Dave McKinney and Frank Main, Chicago Sun-Times, March 7, 2014
Both Jermalle Brown and Douglas Bufford were gang members hired to play a small role in helping combat violence on the South Side through a program hatched by Gov. Pat Quinn’s administration.
Paid $8.50 an hour with taxpayer funds to hand out anti-violence pamphlets in their South Shore neighborhood, the two low-income teens were part-time foot soldiers in the governor’s $54.5 million Neighborhood Recovery Initiative, a program he once described as “a comprehensive and concerted effort to keep our young people safe, off the streets and in school.”
Quinn launched that program a month before his 2010 election as an answer to gun carnage in the city — even though murders that year, Chicago Police would later disclose, dipped to a nearly 50-year low.
But instead of embodying a bold new way to fight bloodshed on the South Side, Bufford is now dead, and Brown is charged with his murder, putting a dramatic and deadly new blemish on the one-time Quinn showpiece, which was pilloried last week in a report by Auditor General William Holland.
At the same time they were on the Neighborhood Recovery Initiative payroll, Brown, then 19, and Bufford, 16, allegedly broke into a Grand Crossing home in July 2012 with one other man and announced a robbery in what Chicago Police believe was a gang-related crime.
It’s not clear, based on court and police records, what happened next. But Bufford was fatally shot in the back of the head with a shotgun, and Brown and an associate now face murder charges tied to the shooting.
The statement from Grant Klinzman, a Quinn spokesman, said: “It’s critical to have strong anti-violence programs for at-risk youth that provide mentorship and job training in order to reduce the risk-factors associated with violence. Community organizations must provide meaningful opportunities for our youth to keep them off the streets. That’s why today CJIA [Criminal Justice Information Authority] partners with programs that focus on preparedness for future employment and job training.”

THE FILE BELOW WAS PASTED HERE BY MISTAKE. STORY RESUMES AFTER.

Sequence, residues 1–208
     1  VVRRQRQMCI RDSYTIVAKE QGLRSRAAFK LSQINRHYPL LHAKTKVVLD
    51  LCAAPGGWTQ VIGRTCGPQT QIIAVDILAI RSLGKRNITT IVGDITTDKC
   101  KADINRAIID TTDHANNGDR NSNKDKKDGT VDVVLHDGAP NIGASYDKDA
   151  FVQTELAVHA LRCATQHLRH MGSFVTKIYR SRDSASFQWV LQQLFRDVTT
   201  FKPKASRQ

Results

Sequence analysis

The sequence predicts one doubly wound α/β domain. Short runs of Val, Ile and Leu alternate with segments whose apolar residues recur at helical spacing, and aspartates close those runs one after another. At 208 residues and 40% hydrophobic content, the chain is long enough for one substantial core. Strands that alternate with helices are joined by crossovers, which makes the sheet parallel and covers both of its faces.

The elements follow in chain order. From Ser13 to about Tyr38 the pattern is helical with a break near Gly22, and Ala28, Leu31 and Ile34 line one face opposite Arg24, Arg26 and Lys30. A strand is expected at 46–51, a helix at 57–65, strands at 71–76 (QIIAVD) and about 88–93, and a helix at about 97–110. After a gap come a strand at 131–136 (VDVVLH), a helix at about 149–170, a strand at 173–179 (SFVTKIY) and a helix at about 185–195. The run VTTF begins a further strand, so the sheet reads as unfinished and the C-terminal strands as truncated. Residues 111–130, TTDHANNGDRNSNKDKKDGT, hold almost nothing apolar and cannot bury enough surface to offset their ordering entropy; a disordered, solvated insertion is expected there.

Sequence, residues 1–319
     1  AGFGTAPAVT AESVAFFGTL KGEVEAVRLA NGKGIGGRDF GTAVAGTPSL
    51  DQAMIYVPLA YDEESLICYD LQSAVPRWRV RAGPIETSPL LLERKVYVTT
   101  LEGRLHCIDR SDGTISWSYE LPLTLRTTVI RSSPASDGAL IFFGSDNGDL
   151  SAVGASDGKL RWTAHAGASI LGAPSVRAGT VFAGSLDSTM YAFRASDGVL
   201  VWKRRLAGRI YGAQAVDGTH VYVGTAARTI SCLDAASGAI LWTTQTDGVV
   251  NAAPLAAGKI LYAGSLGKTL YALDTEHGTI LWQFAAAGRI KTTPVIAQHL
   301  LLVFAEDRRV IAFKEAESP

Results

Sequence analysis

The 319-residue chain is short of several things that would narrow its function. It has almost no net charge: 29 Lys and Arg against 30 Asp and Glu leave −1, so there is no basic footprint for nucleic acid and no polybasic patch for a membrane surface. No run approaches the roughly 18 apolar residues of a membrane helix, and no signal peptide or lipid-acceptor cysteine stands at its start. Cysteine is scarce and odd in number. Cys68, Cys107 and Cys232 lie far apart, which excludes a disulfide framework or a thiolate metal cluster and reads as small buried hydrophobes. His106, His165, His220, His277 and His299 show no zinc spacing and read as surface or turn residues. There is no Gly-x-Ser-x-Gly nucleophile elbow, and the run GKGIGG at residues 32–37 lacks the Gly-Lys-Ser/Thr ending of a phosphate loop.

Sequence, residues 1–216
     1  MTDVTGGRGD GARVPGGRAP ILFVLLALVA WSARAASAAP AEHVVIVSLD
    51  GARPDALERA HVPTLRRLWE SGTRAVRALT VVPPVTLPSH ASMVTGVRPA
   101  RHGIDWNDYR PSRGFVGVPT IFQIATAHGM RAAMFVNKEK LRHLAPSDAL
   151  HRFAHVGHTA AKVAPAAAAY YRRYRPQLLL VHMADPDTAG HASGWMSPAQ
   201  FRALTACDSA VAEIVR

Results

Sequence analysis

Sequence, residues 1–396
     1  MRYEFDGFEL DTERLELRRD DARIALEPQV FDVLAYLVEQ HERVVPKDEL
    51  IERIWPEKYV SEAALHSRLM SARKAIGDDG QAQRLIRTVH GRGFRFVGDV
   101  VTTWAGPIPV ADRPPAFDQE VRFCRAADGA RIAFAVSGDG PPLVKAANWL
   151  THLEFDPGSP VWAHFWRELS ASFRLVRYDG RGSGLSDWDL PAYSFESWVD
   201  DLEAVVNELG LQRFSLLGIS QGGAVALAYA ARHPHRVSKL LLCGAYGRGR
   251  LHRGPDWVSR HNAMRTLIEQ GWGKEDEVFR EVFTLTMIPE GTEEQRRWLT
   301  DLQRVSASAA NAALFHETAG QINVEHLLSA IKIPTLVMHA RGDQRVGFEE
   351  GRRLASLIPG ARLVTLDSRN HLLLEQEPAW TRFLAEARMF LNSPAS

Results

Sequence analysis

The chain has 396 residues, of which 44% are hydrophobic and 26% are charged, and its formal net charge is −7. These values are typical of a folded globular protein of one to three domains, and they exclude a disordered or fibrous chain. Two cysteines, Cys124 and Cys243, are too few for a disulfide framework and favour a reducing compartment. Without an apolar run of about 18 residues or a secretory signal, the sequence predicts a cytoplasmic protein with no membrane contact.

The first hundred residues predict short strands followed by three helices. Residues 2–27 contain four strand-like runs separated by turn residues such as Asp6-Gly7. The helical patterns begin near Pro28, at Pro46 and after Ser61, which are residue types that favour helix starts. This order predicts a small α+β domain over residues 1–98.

While Quinn may not have been aware of Bufford’s death, his administration certainly knew about it two weeks after it happened, according to a series of emails within the now-disbanded Illinois Violence Prevention Authority.
Just days after the fatal home invasion on July 25, 2012, Bufford’s murder was brought to the Quinn administration’s attention by an incredulous South Shore activist, prompting the now-defunct state agency charged with administering the Neighborhood Recovery Initiative to scurry into damage control.
“First, let me begin by expressing my utter disbelief [t]hat your agency would spend money trying to make scholars out of young adults who terrorize our neighborhoods daily,” South Shore resident Gina Olson wrote in an email to an official in the Illinois Violence Prevention Authority.
“So many youth going away to college this year could not find jobs for the summer. But some conglomerate of organizations in South Shore employ people like the guy in this link with our tax money,” she wrote, alluding to an attached online news report that featured Brown’s booking photo. “I’m furious about this.”
Olson went on to ask the state agency why it was allowing government grant money to go “to hire thugs and criminals to do positive outreach in my community. Are you out of your minds?”
The decision to hire Brown and Bufford belonged to the Black United Fund of Illinois, a nonprofit that Quinn’s administration put in charge of doling out $2.05 million in Neighborhood Recovery Initiative funds to an array of community groups in South Shore. Former Ald. Sandi Jackson (7th) recommended the group to the Quinn administration.
The same day that Olson’s email arrived within the Illinois Violence Prevention Authority, the agency’s then-director, Barbara Shaw, reached out to two Black United Fund of Illinois officials and learned that the teens were part of the Mentoring Plus Jobs program, a component of the Neighborhood Recovery Initiative.
In a brief interview Thursday with the Sun-Times, Talmadge D. Betts, senior program officer for Black United Fund of Illinois, said the teens’ hiring was made at the “staff level,” and he offered details about what the teens were hired to do.
“They were getting skills, and they were getting those skills by handing out information, positive messages, engaging with people in the neighborhood related to those positive messages that were on the materials they handed out,” Betts said.